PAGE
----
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Julia, 64 44 bytes

c->(k=c[n=end];[eye(n-=1)[:,2:n] -c[1:n]/k])

Accepts a vector of the coefficients in ascending order.

Ungolfed:

function f(c::Array)
    # Simultaneously define k = the last element of c and
    # n = the length of c
    k = c[n = end]

    # Decrement n, create an n×n identity matrix, and exclude the
    # first column. Horizontally append the negated coefficients.
    [eye(n-=1)[:,2:n] -c[1:n]/k]
end

Try it online

Saved 20 bytes thanks to Glen O!

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2
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R, 71 59 bytes

Takes input in ascending order.

function(x)cbind(diag(n<-length(x)-1)[,2:n],-x[1:n]/x[n+1])

Ungolfed:

f <- function(x) {
    # Get the length of the input
    n <- length(x)-1

    # Create an identity matrix and exclude the first column
    i <- diag(n)[, 2:n]

    # Horizontally append the negated coefficients divided
    # by the last one
    cbind(i, -x[1:n]/x[n+1])
}
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1
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Matlab, 66 bytes

function y=f(c)
n=numel(c);y=[[0*(3:n);eye(n-2)] -c(1:n-1)'/c(n)];

It uses ascending order for the input, with format [3., 7., -5., 4., 1.] or [3. 7. -5. 4. 1.].

Try it online (in Octave).

Example (in Matlab):

>> f([23., 1., 92., 8., -45., 88., 88.])
ans =
                   0                   0                   0                   0                   0  -0.261363636363636
   1.000000000000000                   0                   0                   0                   0  -0.011363636363636
                   0   1.000000000000000                   0                   0                   0  -1.045454545454545
                   0                   0   1.000000000000000                   0                   0  -0.090909090909091
                   0                   0                   0   1.000000000000000                   0   0.511363636363636
                   0                   0                   0                   0   1.000000000000000  -1.000000000000000

If a program is valid (instead of a function), with stdin and stdout:

Matlab, 59 bytes

c=input('');n=numel(c);[[0*(3:n);eye(n-2)] -c(1:n-1)'/c(n)]
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  • \$\begingroup\$ I think you can do n=numel(c=input('')); \$\endgroup\$ – lirtosiast Oct 4 '15 at 4:15
  • \$\begingroup\$ @ThomasKwa Thanks! However, that's not valid syntax in Matlab. n=numel(input('')) would be valid, but I need to use c again later \$\endgroup\$ – Luis Mendo Oct 4 '15 at 4:40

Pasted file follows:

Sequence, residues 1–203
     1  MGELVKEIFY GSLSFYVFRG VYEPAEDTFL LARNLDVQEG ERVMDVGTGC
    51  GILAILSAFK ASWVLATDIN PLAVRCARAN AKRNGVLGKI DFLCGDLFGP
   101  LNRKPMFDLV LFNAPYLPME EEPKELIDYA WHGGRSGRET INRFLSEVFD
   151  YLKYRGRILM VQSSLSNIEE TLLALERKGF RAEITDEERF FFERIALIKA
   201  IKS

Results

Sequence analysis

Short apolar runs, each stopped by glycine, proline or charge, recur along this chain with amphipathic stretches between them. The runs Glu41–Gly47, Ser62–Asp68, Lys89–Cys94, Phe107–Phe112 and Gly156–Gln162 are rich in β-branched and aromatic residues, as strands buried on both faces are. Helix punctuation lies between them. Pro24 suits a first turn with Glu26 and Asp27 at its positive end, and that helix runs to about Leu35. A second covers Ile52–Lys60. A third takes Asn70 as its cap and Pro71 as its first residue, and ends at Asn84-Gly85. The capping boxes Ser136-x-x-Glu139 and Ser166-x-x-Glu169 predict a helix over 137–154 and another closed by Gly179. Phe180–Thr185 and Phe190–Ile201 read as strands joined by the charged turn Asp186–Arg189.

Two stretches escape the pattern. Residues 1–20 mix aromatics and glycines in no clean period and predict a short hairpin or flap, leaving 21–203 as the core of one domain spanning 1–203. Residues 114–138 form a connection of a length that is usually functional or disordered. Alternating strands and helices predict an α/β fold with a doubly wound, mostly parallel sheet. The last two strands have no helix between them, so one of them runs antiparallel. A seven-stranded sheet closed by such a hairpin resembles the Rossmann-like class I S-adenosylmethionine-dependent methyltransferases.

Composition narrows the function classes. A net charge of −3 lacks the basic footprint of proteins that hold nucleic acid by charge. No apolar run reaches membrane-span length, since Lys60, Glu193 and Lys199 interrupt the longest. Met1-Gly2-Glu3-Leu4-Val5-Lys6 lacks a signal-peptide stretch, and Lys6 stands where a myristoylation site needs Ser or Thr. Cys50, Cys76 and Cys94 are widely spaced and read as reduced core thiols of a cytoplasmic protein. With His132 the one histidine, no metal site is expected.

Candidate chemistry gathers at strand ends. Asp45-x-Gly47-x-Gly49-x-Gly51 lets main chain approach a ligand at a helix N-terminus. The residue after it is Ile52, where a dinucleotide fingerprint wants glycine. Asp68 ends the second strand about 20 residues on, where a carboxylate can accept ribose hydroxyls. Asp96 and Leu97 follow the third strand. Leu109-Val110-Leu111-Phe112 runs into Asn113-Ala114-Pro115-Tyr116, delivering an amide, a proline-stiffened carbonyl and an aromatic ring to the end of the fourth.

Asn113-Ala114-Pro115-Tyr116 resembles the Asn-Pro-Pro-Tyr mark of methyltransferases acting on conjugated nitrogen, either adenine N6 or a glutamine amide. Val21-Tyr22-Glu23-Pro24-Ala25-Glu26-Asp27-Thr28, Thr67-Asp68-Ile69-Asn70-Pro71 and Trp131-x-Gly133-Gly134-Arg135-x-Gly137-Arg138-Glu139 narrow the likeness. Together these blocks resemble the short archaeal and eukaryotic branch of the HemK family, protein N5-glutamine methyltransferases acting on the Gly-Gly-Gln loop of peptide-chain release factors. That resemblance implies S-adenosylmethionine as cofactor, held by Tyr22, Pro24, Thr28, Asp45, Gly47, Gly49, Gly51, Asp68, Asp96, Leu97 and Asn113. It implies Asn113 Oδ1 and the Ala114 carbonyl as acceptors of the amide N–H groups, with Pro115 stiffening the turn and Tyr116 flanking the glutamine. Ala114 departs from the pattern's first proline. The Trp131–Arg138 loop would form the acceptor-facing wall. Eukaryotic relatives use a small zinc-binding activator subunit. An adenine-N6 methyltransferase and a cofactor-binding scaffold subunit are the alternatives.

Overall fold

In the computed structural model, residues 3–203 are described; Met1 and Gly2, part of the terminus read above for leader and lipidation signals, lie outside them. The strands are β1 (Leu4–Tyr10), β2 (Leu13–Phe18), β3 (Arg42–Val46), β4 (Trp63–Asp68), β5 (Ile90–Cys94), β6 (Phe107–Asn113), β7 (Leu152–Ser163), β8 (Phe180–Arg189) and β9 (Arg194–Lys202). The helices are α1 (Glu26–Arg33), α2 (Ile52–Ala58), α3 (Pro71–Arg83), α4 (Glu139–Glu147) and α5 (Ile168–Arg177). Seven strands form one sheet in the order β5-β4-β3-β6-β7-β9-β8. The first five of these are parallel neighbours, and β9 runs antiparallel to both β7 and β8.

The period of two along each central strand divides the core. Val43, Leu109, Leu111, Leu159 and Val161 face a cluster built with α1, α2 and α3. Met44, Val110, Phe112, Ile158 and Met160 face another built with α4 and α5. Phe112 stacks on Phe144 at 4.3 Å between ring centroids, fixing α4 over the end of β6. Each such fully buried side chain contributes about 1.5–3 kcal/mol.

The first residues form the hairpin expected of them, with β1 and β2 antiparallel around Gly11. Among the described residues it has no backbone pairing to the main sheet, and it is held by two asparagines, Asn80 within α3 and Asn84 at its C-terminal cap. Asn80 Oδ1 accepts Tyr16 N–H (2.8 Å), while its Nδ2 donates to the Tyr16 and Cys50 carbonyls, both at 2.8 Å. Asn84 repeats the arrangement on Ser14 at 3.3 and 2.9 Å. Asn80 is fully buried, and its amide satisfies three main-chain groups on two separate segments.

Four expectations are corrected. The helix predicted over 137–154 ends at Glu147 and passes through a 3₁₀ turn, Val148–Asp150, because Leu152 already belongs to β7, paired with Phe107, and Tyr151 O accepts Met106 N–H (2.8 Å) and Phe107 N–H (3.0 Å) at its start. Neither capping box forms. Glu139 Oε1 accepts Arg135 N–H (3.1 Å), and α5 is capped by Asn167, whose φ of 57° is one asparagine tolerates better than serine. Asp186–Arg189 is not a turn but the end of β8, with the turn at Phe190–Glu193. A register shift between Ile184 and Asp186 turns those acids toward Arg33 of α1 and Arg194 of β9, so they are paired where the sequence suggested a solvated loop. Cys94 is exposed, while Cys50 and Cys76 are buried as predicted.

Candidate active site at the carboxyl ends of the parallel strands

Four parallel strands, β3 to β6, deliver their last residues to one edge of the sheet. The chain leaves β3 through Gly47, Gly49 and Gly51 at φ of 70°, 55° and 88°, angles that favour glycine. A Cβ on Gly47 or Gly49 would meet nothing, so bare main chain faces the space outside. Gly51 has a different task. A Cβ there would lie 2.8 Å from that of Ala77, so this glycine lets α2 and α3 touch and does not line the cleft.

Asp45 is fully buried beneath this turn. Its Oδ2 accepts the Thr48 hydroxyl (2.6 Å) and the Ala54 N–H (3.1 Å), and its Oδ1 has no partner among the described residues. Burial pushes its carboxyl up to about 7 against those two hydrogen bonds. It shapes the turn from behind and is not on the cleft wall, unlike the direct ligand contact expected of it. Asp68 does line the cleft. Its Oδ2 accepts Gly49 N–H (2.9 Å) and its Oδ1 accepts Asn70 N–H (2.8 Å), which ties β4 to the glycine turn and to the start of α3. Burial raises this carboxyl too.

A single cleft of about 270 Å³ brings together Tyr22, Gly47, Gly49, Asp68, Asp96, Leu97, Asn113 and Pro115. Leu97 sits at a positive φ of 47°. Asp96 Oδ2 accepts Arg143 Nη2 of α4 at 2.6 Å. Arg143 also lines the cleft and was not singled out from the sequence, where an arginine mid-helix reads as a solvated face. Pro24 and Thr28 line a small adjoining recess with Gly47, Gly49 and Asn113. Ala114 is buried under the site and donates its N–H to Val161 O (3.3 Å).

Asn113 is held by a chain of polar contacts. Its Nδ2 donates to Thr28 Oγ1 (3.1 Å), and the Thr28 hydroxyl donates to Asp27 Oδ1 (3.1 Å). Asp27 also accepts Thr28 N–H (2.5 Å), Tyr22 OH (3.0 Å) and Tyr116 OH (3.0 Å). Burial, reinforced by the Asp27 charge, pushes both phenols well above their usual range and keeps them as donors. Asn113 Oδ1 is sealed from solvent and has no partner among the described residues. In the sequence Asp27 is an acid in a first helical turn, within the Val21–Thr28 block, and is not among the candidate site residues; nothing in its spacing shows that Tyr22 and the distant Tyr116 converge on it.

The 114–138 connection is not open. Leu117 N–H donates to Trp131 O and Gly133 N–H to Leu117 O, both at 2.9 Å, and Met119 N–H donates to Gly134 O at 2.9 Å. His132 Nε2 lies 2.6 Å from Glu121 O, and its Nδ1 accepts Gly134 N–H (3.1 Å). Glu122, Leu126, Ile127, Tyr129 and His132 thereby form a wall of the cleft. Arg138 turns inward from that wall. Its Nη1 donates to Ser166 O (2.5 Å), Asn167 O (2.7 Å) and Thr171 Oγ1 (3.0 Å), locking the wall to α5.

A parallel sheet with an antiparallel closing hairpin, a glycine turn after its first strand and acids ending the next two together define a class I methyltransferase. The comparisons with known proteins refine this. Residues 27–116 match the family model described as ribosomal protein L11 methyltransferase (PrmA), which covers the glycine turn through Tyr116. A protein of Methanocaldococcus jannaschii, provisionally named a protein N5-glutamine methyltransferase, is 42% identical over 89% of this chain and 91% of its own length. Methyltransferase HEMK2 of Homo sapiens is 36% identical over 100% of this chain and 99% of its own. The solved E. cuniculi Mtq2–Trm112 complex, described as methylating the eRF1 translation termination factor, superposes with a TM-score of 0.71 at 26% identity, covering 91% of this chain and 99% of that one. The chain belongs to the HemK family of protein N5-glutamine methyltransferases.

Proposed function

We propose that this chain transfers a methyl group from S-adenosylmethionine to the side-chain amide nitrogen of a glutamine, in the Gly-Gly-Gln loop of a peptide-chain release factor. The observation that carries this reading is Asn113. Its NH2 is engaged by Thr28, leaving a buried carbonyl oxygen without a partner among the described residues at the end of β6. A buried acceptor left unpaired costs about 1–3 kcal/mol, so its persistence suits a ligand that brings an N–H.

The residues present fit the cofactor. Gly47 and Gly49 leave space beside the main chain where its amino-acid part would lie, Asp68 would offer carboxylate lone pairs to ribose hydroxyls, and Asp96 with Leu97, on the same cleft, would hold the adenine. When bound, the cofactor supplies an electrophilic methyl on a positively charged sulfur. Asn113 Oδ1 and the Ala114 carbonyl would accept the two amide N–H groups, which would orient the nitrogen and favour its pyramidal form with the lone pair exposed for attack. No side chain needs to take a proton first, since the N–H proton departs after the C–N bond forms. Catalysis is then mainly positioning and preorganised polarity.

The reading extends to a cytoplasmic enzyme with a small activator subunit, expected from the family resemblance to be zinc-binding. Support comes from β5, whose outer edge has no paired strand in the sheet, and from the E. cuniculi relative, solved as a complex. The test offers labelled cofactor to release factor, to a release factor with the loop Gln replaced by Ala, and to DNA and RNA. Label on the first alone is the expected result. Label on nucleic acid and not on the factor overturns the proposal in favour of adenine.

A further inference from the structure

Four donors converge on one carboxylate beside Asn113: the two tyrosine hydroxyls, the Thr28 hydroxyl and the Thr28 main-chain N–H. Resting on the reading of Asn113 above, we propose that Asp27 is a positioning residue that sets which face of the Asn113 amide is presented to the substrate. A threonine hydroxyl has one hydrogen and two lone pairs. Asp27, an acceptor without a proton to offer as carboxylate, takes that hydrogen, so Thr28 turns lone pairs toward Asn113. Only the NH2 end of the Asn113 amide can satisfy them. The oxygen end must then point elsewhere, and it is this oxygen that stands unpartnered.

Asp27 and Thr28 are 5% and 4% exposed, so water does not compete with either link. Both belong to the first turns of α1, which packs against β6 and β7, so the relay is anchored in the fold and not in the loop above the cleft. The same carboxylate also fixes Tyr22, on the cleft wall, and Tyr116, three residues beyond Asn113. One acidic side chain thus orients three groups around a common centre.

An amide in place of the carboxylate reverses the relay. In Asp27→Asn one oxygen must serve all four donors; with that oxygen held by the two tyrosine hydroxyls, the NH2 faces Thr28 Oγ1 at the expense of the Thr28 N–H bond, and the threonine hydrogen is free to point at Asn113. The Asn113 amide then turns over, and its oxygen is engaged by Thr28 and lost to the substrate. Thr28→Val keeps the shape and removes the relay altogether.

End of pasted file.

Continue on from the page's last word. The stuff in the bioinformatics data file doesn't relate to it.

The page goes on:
• \$\begingroup\$ Sorry; it worked in Octave where I tested it. \$\endgroup\$ – lirtosiast Oct 4 '15 at 4:45
1
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Octave, 45 44 bytes

Assuming c is a column vector with the coefficient of the highest power of x at the end.

@(c)[eye(n=rows(c)-1)(:,2:n),-c(1:n)/c(end)]

Old version:

@(c)[eye(n=numel(c)-1)(:,2:n),-c(1:n)/c(end)]

High five, Julia!

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1
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Python 2, 141 bytes

My own attempt:

def C(p):
 c,r=p.pop(0),range;d=[-i/c for i in p];n=len(d);m=[[0]*n for i in r(n)]
 for i in r(n-1):m[i][i+1]=1
 m[-1]=d[::-1];return zip(*m)

Takes a list of the coefficients in descending order and first builds the transpose of the companion matrix - known for stabbing and being talkative. The return uses zip to produce the transpose of this transpose to get the actual matrix.

>>> C([1., 4., -5., 7., 3.])
[(0, 0, 0, -3.0), (1, 0, 0, -7.0), (0, 1, 0, 5.0), (0, 0, 1, -4.0)]
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1
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JavaScript (ES6) 85

Ascending order.

Test running the snippet below in any EcmaScript 6 compliant browser.

f=c=>alert(c.map((v,i)=>c.map((x,j)=>++j-i?j-c.length?0:-v/m:1),m=c.pop()).join(`
`))

// test
// redefine alert to write into the snippet body
alert=x=>O.innerHTML+=x+'\n'

function test() {
  v=I.value.match(/\d+/g)
  I.value=v+''
  alert(v)
  f(v)
}  

test()
<input value='23.,1.,92.,8.,-45.,88.,88.' id=I><button onclick="test()">-></button>
<pre id=O></pre>

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0
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TI-BASIC, 50 bytes

Ans→X
List▶matr(ΔList(Ans-cumSum(Ans)),[A]
dim(Ans
augment(augment(0randM(Ans-2,1),identity(Ans-2))ᵀ,[A]∟X(Ans)⁻¹

Takes input in ascending order. Note that this will not work for polynomials of degree <2, because TI-BASIC does not support empty matrices or lists. Pending a ruling from OP, I can fix this at the cost of a few bytes.

First, we store the list into ∟X to use the last element later; then, we calculate ΔList(Ans-cumSum(Ans)), which is just the negated list with the last element chopped off, and convert it to a column vector. Since List▶matr( doesn't modify Ans, we can use the next line to take the dimension of the list, which we use thrice. TI-BASIC doesn't have vertical concatenation, so we need to take transposes and horizontally concatenate. In the last line, [A]/∟X(Ans wouldn't work because matrices can be multiplied by scalars but not divided.

An aside: To generate the row vector of zeros, we take advantage of the rarely useful randM( command. randM( creates a random matrix, but its entries are always random integers between -9 and 9 (!), so it's really only useful to create zero matrices.

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0
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Pari/GP, 49 bytes

p->concat(matid(#p-1),-p[1..#p-1]~/p[#p])[,2..#p]

Try it online!